Biomolecules- The Carbohydrates

[This post takes 3-5 min. to read.]



Look- I tried. The chem post is on its way! I promise! But- biomolecules is a seriously vast topic, and I was far too tempted.

So now, to prevent any confusion, I’m establishing a base plan- sort of like a pattern to my blog topics.

  1. A few million biology related posts [I’m exaggerating. Chill.]
  2. One lonely physics post.
  3. Another few million biology posts.
  4. And another lonely chem post.
  6. Repeat.

Yeah. Right now, we are currently in Stage 3.

And now that I’ve cleared all that out, we can like, get to the fun part.

What are carbohydrates?

You probably know these guys super well. They make up the bottom of the food pyramid, and they are basically things like rice and wheat and potatoes.

Carbohydrates are also one of the four biomolecules and they include things like starch and glucose.

They are made of 3 kinds of atoms- carbon[C], hydrogen[H] and oxygen[O].

Types of carbohydrates –>

There are three main types of carbohydrates- monosaccharide, disaccharide and polysaccharide[all the words are pronounced with a hard ‘C’].

Monosaccharide is one monomer[single unit]. Monosaccharides like galactose and fructose make up disaccharides, and disaccharides like sucrose and maltose make up polysaccharides like glycogen and cellulose.

Monosaccharides –>

Monosaccharides taste sweet, and are soluble in water. They fall under the umbrella of simple sugars.

Things like glucose, fructose, galactose, ribose and xylose are all monosaccharides.

All monosachcarides are ring-shaped, and the most important one is glucose. The structure of glucose is a ring made of carbon and oxygen, with more carbon, oxygen and hydrogen pointing in and out of the ring. The formula for glucose is- C6H12O6, which means 6 carbon atoms, 12 hydrogen atoms and 6 oxygen atoms.

Disaccharides –>

Disaccharides are 2 monosaccharides joined together with a bond of hydrogen, called a glycosidic bond. I know- in the above image, the bond is that of oxygen. How that happens is another story altogether, and completely unneccesary for now.

Disaccharides, like monosaccharides, are soluble in water and taste sweet. They are also simple sugars.

Things like maltose, lactose, and sucrose are all disaccharides. Maltose is important to the body- glycogen[a polysaccharide], is broken down into maltose when it has to be used.

Maltose is made of two glucose monomers joined together. Sucrose is made of glucose and fructose joined together. And lactose is made of galactose and glucose joined together.

Polysaccharides –>

Polysaccharides! Try saying it 10 times, super fast. Tongue twister right there. No-seriously. Biology has a bad reputation when it comes to BIG words.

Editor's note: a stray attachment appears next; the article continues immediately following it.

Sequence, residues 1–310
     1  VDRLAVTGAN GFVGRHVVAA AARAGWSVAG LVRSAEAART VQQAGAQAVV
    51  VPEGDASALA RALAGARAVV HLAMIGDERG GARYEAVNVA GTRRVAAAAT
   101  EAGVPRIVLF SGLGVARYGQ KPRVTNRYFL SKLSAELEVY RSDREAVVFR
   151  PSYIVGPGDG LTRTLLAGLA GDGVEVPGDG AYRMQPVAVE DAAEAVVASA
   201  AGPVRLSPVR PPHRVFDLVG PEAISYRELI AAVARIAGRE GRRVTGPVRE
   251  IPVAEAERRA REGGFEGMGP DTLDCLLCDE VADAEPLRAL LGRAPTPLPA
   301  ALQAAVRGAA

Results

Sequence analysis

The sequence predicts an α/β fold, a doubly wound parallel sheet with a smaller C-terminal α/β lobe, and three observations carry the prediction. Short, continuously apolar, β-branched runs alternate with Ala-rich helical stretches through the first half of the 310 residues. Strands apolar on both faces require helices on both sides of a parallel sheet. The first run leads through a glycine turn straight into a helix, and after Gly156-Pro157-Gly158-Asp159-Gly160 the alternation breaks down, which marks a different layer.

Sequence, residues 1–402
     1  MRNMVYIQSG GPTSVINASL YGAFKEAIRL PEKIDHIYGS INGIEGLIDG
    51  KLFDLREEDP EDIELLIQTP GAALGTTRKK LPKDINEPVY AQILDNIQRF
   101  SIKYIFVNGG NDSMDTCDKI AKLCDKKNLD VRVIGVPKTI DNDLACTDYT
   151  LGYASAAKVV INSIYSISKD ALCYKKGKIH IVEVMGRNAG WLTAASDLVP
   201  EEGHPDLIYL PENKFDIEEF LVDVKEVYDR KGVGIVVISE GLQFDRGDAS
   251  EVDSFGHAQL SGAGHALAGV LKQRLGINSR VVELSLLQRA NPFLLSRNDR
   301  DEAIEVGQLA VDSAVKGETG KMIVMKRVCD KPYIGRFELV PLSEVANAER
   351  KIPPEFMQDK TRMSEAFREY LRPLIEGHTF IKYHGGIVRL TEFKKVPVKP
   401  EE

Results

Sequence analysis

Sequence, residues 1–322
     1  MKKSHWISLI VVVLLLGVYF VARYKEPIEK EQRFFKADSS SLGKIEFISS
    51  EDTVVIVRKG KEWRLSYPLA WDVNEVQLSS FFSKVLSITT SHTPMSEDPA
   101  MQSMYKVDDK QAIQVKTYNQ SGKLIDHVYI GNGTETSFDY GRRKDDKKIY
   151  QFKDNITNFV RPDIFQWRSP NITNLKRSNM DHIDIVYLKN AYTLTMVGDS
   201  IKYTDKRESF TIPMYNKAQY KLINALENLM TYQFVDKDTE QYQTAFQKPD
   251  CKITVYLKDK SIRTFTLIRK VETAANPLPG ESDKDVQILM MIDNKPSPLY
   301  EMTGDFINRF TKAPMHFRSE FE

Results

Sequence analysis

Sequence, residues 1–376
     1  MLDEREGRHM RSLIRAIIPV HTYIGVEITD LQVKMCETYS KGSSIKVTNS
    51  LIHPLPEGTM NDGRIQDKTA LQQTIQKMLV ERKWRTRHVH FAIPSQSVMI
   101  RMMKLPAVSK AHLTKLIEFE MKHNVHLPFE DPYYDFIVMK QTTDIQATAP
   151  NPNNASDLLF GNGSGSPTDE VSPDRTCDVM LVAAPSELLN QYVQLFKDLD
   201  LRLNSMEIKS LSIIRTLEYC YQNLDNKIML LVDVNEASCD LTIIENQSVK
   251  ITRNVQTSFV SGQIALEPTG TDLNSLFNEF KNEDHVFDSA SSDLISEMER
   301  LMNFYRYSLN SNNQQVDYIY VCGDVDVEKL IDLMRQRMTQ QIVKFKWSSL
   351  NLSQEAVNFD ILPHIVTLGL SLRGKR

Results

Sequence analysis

Anyways- polysaccharides aren’t like disaccharides and monosaccharides. They aren’t simple sugars, but are instead complex carbohydrates. They don’t dissolve in water, and nor do they taste sweet- this is because of their molecular structure.

Polysaccharides are the most abundant carbohydrate in food. They are made of many, many monomers joined together in chains. Examples of polysaccharides are glycogen, starch and cellulose.

Polysaccharides are several monosaccharides and disaccharides joined in chains. Some are simply chains, with bonds that go only left and right- some are branches, with bonds that go left, right, up and down.

Due to their differed molecular structure, polysaccharides have to first be broken down into disaccharides, then those disaccharides are further broken down to monosaccharides.

Why polysaccharides are Public Enemy No. 1 [at least, your digestive system seems to think so] –>

Now, you’re probably like whaaaaaaaa?

The title basically means why polysacchrides are bad for the digestive system.

Since polysaccharides have to be broken down even more than normal, large amounts of these pass into the intestines- undigested. The intestinal residents- bacteria- are super happy about this. Normally, all they get is slimy, poopy leftovers. But disaccharides! What a feast!

As a return gift for the feast, the bacteria produce large amounts of gas and acid [to aid in eating the disaccharides.] The gas pressure increases dramatically, aaaaaaaand, to relieve this, you fart. And burp. ALOT.

All that gas gives false signals to your tummy, and your poor tummy produces even more acid to help stuff digest. All that acid degenerates the linings of tissue, and results in heartburn.

So, now you know why the bathroom stinks after somebody eats way too much asparagus. [Asparagus=plant=cell wall=cellulose=polysaccharide]

And we’re done for today.

And here’s your Space Bonus- [Not going to tell you what it’s about.]

And goodbye.

Published by girrrrrl_of_two_worlds

hi! just a nerdy girl here. lover of science, english and learning on the whole. spreading knowledge is one of my favorite things to do! nothing in life is to be feared, it is only to be understood. now is the time to understand more, so that we may fear less. ~marie curie

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